Martin Luther’s image of Christian community, the “priesthood of all believers” offers some insight on how the church can be with those living with the persistent effects of trauma. One poignant way Luther described the vocation of the “priesthood of all” came in response to 16th-century Germans being taken ill by the plague. Lifting up the model of ministry set forth in Matthew 25, Luther insisted that we are all “bound to each other that no one may forsake the other in distress”(“A Sermon on Preparing to Die,” Martin Luther’s Basic Theological Writings).
Knowing the temptation of the healthy to keep their distance from the sick, Luther admonished all “the priests” to understand such temptations as “the devil’s doing.” In the midst of a pandemic that took one-third of Europe’s population, Luther’s admonition is quite remarkable. While Christians might rush to the side of “Christ or their mother” should they need care, Luther hammered the command of Matthew 25, proclaiming that care for the sickest is care for Christ. (back to top)
Being present as Christ
In our day, Christian ethicist Stanley Hauerwas echoes Luther’s call to be with those who suffer, insisting that when the church lives out—or literally, embodies—its call to be the body of Christ in the world, it is present with those who suffer, cutting through the suffering and isolation that remain. But Hauerwas, in “Salvation and Health: Why Medicine Needs the Church” (From Christ to the World: Introductory Readings in Christian Ethics) observes with frankness how the temptation to flee remains ever present:
[I]t is no easy matter to be with the ill, especially when we cannot do much for them other than simply be present. Our very helplessness too often turns to hate, both toward the one in pain and ourselves, as we despise them for reminding us of our helplessness. Only when we remember that our presence is our doing . . . can we be saved from our fevered and hopeless attempt to control others’ and our own existence. Our willingness to be ill and ask for help as well as our willingness to be present with the ill is no special or extraordinary activity, but a form of the Christian obligation to be present to one another in and out of pain.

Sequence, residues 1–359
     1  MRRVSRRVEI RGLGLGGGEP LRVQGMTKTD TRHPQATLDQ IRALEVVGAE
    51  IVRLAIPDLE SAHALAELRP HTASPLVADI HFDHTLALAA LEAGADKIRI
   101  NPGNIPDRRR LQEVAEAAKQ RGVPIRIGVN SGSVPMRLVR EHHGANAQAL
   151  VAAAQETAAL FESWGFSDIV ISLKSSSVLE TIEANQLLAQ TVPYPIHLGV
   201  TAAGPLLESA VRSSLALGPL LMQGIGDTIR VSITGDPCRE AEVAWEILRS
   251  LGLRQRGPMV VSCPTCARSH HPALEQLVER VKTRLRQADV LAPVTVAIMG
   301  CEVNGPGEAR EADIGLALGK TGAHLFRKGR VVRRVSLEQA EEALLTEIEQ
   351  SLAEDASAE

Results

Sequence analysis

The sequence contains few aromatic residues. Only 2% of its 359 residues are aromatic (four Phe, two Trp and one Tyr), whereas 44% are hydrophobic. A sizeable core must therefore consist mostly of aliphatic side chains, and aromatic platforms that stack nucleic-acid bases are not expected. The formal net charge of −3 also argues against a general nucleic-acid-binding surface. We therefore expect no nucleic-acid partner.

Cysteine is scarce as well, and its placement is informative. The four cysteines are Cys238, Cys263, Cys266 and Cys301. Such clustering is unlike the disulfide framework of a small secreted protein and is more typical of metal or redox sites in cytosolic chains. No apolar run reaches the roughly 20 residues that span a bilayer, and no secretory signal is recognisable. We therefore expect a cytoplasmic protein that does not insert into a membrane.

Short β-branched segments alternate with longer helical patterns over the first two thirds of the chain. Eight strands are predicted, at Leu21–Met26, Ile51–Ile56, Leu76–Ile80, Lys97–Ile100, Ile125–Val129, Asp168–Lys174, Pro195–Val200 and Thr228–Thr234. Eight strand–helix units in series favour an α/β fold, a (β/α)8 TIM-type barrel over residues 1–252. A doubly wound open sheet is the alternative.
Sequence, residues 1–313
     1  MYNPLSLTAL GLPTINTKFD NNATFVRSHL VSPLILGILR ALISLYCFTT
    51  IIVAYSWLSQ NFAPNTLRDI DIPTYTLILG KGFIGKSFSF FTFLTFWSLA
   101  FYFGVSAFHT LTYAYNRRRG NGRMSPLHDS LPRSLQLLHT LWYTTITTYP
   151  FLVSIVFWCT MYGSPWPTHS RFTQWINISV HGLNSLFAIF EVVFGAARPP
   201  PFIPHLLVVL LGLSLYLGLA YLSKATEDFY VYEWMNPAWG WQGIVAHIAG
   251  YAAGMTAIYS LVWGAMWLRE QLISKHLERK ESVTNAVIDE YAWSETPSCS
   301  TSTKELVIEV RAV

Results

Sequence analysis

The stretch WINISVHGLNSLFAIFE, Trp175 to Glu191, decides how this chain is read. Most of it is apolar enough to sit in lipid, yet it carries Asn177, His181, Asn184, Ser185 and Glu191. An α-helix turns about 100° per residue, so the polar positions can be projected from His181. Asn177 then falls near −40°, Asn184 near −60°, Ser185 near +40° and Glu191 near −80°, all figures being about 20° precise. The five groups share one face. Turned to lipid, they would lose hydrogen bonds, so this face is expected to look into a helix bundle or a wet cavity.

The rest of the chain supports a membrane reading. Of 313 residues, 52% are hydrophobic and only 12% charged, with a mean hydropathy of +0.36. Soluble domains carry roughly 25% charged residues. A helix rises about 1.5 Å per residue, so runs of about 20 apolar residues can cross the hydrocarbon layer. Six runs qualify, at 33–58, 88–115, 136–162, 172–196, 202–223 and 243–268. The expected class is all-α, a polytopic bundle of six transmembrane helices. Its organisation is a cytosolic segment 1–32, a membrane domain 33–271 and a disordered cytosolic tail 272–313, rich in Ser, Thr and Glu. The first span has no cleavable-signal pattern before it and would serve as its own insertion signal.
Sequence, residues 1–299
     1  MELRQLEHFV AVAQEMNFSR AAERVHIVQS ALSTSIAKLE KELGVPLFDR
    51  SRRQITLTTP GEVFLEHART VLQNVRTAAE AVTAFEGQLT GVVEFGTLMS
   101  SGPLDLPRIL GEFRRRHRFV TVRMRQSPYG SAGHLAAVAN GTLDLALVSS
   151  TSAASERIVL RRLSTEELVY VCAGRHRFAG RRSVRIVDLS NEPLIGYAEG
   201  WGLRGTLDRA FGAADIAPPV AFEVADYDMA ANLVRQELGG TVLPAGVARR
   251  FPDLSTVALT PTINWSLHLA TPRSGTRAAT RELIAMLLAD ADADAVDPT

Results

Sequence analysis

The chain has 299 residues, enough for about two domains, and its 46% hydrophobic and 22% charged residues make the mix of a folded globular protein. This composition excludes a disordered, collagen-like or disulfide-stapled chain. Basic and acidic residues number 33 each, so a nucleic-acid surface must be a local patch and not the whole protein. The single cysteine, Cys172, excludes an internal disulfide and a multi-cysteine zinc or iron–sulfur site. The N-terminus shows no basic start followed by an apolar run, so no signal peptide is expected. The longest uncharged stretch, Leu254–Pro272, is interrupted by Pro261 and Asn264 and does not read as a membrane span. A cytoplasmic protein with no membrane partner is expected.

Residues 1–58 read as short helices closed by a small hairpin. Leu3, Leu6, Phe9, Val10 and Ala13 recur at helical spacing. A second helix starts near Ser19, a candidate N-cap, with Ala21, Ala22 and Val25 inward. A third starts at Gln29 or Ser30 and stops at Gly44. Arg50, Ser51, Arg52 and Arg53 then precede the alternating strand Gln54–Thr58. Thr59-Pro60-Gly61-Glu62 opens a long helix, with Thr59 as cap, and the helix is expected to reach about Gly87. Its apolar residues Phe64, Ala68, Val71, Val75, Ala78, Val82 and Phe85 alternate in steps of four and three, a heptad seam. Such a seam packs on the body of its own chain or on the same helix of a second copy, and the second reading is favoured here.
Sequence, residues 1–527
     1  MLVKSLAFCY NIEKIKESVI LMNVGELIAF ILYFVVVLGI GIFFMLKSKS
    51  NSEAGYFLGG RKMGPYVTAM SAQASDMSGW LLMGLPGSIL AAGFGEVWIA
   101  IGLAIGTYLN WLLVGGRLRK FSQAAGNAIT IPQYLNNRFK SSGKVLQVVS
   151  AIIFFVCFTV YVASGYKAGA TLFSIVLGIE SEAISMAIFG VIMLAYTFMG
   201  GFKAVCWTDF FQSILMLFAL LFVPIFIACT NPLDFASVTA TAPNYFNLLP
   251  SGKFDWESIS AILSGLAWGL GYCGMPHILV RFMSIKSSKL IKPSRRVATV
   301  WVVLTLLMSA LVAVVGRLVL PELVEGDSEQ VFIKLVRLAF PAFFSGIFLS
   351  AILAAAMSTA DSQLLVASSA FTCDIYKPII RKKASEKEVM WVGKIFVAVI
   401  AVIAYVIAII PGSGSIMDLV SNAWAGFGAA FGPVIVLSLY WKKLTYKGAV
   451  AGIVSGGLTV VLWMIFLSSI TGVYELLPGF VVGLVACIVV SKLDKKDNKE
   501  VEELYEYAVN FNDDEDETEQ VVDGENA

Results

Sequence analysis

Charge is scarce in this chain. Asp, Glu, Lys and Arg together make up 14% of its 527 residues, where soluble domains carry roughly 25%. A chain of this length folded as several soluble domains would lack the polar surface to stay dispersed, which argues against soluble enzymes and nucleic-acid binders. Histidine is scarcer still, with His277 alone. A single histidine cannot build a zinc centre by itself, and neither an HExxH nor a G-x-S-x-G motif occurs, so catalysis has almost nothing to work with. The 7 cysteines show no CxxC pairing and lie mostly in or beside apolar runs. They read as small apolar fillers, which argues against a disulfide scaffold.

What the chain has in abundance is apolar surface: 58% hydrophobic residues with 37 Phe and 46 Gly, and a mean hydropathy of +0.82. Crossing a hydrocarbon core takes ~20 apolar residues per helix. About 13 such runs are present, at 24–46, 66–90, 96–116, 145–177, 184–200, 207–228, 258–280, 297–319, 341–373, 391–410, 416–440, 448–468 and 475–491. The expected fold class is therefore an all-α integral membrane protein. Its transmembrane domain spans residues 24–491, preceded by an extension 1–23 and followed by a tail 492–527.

Members of the body of Christ are called to be the hands and feet of Christ in the world, attending with special care to those who suffer from the ongoing effects of trauma, being present with and for them in the midst of the days of plague or cancer or death. That’s a difficult calling to embrace. But to “live like we’re dying” with others who are closer to that dying than we are is where God calls us to be.
Living with stage IV cancer, I’m certainly closer to death than those who don’t live with a serious diagnosis. At the same time, I seem to be living mostly in a future where stage IV cancer diagnoses won’t be a death sentence but rather the beginning of living (hopefully for many years) with a chronic condition. How awesome. Yet I hear from the experts that few others with “my kind” of stage IV cancer are doing as well as I’m doing. How lousy.
Being an anomaly makes that discomforting middle space a bit more uncomfortable. But I go on, trying to lean as fully as possible in to that space, embracing with gratitude the body of Christ occupying that space with me, praying that more who share my diagnosis will soon share the space with me, and hoping that I have more days, months, and years, to live in the aftermath of death, to glimpse healing and resurrection, and to understand how to respond to “I can’t go on” with “This is the day the Lord has made” and “I’ll go on.” (back to top)